Special to The Sun
The 1950s era bathrooms, broken and creaky wood floors and outdated heating and electrical systems are gone at Edmond Public School's Boulevard Academy. The newly renovated building-the oldest in the district-now boasts new hands-on science and computer rooms, an elevator to the second floor, and up-to-date classrooms planned to enhance student learning.
“The renovations are beautiful,” said Principal Mark Andrus. “And we want to invite the public to see how the district was able to preserve the history of Boulevard while modernizing its interior.”
That opportunity will take place from 5-7 p.m. Monday when Boulevard hosts an open house for the public. Light refreshments will be served. Prior to the open house, the Edmond Chamber of Commerce will host a ribbon cutting ceremony at 4:30 p.m., which the public also is invited to attend.
“This is an opportunity for alumni, current students and their parents, and citizens to walk around the building, view the changes and ask any questions that they might have about the renovations or the important work we do here at Boulevard with our students.”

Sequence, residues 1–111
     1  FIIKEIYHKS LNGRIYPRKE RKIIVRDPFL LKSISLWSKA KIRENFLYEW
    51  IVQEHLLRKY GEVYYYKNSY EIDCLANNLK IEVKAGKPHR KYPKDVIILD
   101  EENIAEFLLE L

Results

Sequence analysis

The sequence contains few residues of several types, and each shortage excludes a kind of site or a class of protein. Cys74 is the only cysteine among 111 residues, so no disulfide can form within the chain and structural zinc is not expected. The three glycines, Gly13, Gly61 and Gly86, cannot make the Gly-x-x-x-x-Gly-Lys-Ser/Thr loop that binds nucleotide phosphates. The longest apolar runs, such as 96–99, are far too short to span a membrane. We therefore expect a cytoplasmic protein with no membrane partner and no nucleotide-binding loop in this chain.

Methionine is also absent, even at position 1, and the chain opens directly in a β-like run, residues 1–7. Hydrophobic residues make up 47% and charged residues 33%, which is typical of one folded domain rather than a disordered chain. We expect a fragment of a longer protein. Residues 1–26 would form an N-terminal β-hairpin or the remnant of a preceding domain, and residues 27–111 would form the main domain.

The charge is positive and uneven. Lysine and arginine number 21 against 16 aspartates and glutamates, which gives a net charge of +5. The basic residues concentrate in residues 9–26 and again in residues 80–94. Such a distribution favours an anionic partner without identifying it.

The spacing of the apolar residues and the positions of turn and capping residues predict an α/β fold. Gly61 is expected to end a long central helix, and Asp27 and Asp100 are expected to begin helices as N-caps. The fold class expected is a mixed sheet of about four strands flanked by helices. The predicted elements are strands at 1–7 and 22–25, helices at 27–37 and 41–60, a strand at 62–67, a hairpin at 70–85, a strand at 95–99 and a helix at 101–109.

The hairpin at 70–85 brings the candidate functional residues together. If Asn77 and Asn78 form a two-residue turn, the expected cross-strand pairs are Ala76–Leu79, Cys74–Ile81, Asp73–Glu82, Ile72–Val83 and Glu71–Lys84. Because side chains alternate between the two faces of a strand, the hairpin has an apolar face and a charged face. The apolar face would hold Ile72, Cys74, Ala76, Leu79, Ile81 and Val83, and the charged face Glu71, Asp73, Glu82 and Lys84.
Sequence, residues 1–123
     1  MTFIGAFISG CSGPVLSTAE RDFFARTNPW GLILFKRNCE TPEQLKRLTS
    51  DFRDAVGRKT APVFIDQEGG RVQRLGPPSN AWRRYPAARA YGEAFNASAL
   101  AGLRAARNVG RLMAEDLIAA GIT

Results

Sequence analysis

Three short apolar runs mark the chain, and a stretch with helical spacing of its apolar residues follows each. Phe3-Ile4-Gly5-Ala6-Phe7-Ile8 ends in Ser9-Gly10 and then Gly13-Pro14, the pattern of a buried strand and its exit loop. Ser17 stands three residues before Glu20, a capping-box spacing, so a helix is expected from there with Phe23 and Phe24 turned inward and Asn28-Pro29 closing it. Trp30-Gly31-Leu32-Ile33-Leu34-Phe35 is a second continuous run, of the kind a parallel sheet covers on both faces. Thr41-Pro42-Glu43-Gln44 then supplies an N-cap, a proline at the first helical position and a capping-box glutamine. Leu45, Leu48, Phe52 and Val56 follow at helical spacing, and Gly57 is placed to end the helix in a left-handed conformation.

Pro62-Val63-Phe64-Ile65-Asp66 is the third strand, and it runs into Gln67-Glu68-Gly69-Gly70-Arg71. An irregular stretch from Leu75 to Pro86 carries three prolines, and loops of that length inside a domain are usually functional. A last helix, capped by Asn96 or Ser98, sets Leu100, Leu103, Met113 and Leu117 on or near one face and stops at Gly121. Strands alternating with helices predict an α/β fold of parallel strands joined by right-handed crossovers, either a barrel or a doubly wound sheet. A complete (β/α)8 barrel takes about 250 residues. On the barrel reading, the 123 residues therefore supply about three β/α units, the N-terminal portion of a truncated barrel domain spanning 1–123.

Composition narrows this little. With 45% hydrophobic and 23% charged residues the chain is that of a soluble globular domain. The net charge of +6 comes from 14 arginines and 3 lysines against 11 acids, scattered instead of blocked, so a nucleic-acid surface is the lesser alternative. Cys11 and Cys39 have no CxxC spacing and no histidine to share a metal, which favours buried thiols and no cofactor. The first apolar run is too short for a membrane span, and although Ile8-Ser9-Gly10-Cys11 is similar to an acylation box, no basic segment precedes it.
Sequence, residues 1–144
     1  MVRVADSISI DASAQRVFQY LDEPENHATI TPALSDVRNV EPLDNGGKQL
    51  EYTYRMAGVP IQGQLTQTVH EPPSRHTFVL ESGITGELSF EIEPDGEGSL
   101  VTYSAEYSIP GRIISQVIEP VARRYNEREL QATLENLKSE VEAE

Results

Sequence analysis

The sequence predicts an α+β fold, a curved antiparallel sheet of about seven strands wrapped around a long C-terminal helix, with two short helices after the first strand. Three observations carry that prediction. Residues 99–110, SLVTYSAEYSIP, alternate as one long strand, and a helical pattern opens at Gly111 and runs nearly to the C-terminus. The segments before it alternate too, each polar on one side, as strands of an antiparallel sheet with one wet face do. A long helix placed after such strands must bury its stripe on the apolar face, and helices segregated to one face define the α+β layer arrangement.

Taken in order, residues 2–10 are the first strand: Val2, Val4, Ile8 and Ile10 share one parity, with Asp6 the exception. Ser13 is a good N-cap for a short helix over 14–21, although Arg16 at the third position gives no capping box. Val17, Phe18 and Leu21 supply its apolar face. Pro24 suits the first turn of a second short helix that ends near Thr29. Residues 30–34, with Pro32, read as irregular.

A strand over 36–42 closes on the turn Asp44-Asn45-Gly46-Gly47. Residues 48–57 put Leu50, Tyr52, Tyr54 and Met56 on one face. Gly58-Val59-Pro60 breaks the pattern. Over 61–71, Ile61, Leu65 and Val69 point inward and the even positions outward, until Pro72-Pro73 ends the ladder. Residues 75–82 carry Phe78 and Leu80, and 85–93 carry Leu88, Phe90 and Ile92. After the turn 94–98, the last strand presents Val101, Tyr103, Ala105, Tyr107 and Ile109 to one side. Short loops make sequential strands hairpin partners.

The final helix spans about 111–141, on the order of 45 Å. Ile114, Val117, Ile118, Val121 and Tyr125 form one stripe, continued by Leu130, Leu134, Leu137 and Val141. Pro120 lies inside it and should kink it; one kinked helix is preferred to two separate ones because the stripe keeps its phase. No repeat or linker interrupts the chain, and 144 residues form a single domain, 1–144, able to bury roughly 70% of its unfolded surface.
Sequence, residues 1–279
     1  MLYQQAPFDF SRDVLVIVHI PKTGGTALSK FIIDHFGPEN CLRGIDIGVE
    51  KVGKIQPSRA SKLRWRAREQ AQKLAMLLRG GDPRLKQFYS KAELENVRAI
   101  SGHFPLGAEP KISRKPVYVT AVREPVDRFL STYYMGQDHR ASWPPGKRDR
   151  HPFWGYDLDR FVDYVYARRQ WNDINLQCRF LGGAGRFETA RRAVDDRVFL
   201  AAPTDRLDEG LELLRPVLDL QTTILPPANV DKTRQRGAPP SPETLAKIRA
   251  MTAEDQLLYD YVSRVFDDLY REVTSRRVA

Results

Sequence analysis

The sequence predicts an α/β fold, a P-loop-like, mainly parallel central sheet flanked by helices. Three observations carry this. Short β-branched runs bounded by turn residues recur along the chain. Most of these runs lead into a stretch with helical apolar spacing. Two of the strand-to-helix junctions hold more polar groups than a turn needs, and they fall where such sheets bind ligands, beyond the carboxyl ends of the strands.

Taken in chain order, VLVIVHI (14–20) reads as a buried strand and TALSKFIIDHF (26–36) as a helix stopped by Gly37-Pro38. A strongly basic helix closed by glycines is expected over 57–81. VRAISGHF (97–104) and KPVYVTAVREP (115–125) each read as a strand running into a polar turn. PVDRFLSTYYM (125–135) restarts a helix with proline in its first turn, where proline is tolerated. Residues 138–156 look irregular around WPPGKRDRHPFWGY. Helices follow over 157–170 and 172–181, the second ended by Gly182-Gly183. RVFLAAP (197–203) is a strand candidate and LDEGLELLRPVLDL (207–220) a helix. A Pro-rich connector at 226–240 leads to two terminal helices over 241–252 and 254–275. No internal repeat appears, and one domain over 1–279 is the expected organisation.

The $3.3 million bond-funded renovation began in August of 2012 and took a year to complete. Reeder General Contractors did the work.
“When you renovate a school that is 90 years old, you have to be very careful,” said Bret Towne, associate superintendent of administration. “We were mindful of maintaining the character and rich history of the building but giving it the face-lift it so desperately needed. I am excited to think that we extended the life of this building for many decades,” he said.
Boulevard Academy was built in 1924 and was the first Edmond High School. Over the years, it has also served as an administration building, junior high and eighth-grade center.
“Another interesting note is that in the 1960s it served as a satellite kitchen for the district. All food was cooked there and shipped out to each of the schools,” said Towne.
Today, Boulevard Academy serves as an alternative school for students who have not succeeded in regular school programs, or who may need extra help or encouragement to stay in school.
“Our kids are having a great year, and really enjoying their beautiful work spaces. It has made a difference in their demeanor and attitudes. I am very grateful to the public for supporting the bond issue to fund the renovations,” said Andrus. “We look forward to showing it off.”